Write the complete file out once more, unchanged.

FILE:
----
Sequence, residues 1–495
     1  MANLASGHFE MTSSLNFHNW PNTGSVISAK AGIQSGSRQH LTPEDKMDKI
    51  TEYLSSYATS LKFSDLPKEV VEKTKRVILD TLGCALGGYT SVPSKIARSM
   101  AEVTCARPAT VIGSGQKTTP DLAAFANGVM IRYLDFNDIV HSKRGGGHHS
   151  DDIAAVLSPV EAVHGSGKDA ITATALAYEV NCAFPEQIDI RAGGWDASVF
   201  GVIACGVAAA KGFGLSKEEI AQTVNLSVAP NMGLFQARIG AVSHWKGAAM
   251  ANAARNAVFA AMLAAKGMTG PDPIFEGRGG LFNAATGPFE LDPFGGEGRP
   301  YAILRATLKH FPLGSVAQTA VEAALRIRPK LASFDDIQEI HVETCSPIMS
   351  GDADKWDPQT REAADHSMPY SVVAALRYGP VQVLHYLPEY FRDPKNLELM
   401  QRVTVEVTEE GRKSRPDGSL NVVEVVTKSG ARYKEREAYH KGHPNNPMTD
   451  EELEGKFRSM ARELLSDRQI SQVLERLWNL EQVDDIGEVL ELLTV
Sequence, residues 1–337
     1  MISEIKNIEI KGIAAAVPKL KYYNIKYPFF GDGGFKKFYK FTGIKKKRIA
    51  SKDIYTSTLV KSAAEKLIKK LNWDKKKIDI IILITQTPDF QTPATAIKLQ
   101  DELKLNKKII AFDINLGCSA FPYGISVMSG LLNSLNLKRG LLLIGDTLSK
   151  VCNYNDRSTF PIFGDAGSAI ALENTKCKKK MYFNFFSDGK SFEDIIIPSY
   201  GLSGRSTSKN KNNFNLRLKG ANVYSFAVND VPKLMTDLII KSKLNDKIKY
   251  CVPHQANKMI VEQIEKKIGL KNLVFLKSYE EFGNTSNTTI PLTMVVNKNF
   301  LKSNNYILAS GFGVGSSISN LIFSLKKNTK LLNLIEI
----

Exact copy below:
Sequence, residues 1–495
     1  MANLASGHFE MTSSLNFHNW PNTGSVISAK AGIQSGSRQH LTPEDKMDKI
    51  TEYLSSYATS LKFSDLPKEV VEKTKRVILD TLGCALGGYT SVPSKIARSM
   101  AEVTCARPAT VIGSGQKTTP DLAAFANGVM IRYLDFNDIV HSKRGGGHHS
   151  DDIAAVLSPV EAVHGSGKDA ITATALAYEV NCAFPEQIDI RAGGWDASVF
   201  GVIACGVAAA KGFGLSKEEI AQTVNLSVAP NMGLFQARIG AVSHWKGAAM
   251  ANAARNAVFA AMLAAKGMTG PDPIFEGRGG LFNAATGPFE LDPFGGEGRP
   301  YAILRATLKH FPLGSVAQTA VEAALRIRPK LASFDDIQEI HVETCSPIMS
   351  GDADKWDPQT REAADHSMPY SVVAALRYGP VQVLHYLPEY FRDPKNLELM
   401  QRVTVEVTEE GRKSRPDGSL NVVEVVTKSG ARYKEREAYH KGHPNNPMTD
   451  EELEGKFRSM ARELLSDRQI SQVLERLWNL EQVDDIGEVL ELLTV
Sequence, residues 1–337
     1  MISEIKNIEI KGIAAAVPKL KYYNIKYPFF GDGGFKKFYK FTGIKKKRIA
    51  SKDIYTSTLV KSAAEKLIKK LNWDKKKIDI IILITQTPDF QTPATAIKLQ
   101  DELKLNKKII AFDINLGCSA FPYGISVMSG LLNSLNLKRG LLLIGDTLSK
   151  VCNYNDRSTF PIFGDAGSAI ALENTKCKKK MYFNFFSDGK SFEDIIIPSY
   201  GLSGRSTSKN KNNFNLRLKG ANVYSFAVND VPKLMTDLII KSKLNDKIKY
   251  CVPHQANKMI VEQIEKKIGL KNLVFLKSYE EFGNTSNTTI PLTMVVNKNF
   301  LKSNNYILAS GFGVGSSISN LIFSLKKNTK LLNLIEI